FILE- In this July 30, 2008 file photo, Jeffrey Epstein is shown in custody in West Palm Beach, Fla. Labor Secretary nominee Alexander Acosta is expected to face questions at his Senate confirmation hearing about an unusual plea deal he oversaw for Epstein, a Florida billionaire and sex offender, as U.S. attorney in Miami. (AP Photo/Palm Beach Post, Uma Sanghvi, File)/Palm Beach Post via AP)
Want to know why the Epstein story has no real legs when it comes to investigate reporting from the major networks and newspapers outside of trying to tie him to Donald Trump? You are about to find out why.
For decades, Epstein ran in crowds with some of the wealthiest and most influential people in the country. In terms of elected officials, that meant he had an unusually close relationship with Bill Clinton, even while he was president and to the point of having a painting of Clinton in a dress hanging on his mansion’s wall. It didn’t stop there though. Several other Democrat party politicians have been implicated as well, including accusations of being on his pedophile island and being given girls that we now know were basically sex slaves.
If it seems like I’m only focusing on his connections to Democrats, that’s because those are the only really pervasive connections (i.e. people who went to his island, etc.) we’ve found out about. Don’t be gaslit by the media, the circles Epstein ran in were not Republican circles. Even to the extent he knew Donald Trump, Trump was not palling around with Newt Gingrich at the time. There’s a reason he was going to dinners at the Clinton White House but never made it back when George W. Bush took over.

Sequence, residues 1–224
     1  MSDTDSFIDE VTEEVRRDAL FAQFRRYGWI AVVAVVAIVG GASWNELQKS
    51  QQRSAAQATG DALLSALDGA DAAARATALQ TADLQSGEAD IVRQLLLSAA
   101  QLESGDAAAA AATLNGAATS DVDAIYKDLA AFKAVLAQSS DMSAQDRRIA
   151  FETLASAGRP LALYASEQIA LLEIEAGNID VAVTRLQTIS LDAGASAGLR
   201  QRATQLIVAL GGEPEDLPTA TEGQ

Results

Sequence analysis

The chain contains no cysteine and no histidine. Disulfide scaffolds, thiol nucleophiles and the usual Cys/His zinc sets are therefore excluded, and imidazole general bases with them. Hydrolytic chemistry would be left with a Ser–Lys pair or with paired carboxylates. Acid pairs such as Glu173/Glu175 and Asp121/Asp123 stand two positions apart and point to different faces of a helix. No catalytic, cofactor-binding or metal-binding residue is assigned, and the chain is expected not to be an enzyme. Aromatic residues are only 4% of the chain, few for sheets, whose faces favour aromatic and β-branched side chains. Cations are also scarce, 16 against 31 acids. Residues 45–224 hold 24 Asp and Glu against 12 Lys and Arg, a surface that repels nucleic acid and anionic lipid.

Because the circles he ran in were predominantly populated with rich, liberal Manhattan types, that meant he had many relationships within the mainstream media establishment as well. ABC’s George Stephanopoulos dined with Epstein as late as 2010, which was after his convictions. The former Clinton crony would claim he hadn’t done his due diligence on who Epstein was, which is a laughable assertion from a supposed news man.
Epstein’s perversion with the media didn’t stop there though. Much like Harvey Weinstein, he was able to wield his influence to affect coverage. NPR has a new report which details some of what went on. It’s very in depth, but I’ll try to summarize the findings here.
Obviously the NYT reporter soliciting money from Epstein is the biggest take away here but ABC News producing a major story w/his victims then killing the piece is just as egregious. The stories reporters know and don't tell is the best way to measure bias https://t.co/DpNioOsExP
— Lee Fang (@lhfang) August 23, 2019
We’ll start with ABC News first.
In 2015, the ABC News team of Amy Robach and Jim Hill secured an interview with Giuffre. In a sequence of events confirmed by the network, producers paid for Giuffre and her family to fly from Colorado, where they lived, to New York City and put them up at the Ritz-Carlton hotel on Central Park South. Robach and her news crew interviewed Giuffre on tape for more than an hour about Epstein and his entourage.
“At the time, in 2015, Epstein was walking around a free man, comparing his criminal behavior to stealing a bagel,” Giuffre writes in an email to NPR. “I really wanted a spotlight shone on him and the others who acted with him and enabled his vile and shameless conduct against young girls and young women.”
“I viewed the ABC interview as a potential game-changer,” she writes. “Appearing on ABC with its wide viewership would have been the first time for me to speak out against the government for basically looking the other way and to describe the anger and betrayal victims felt.”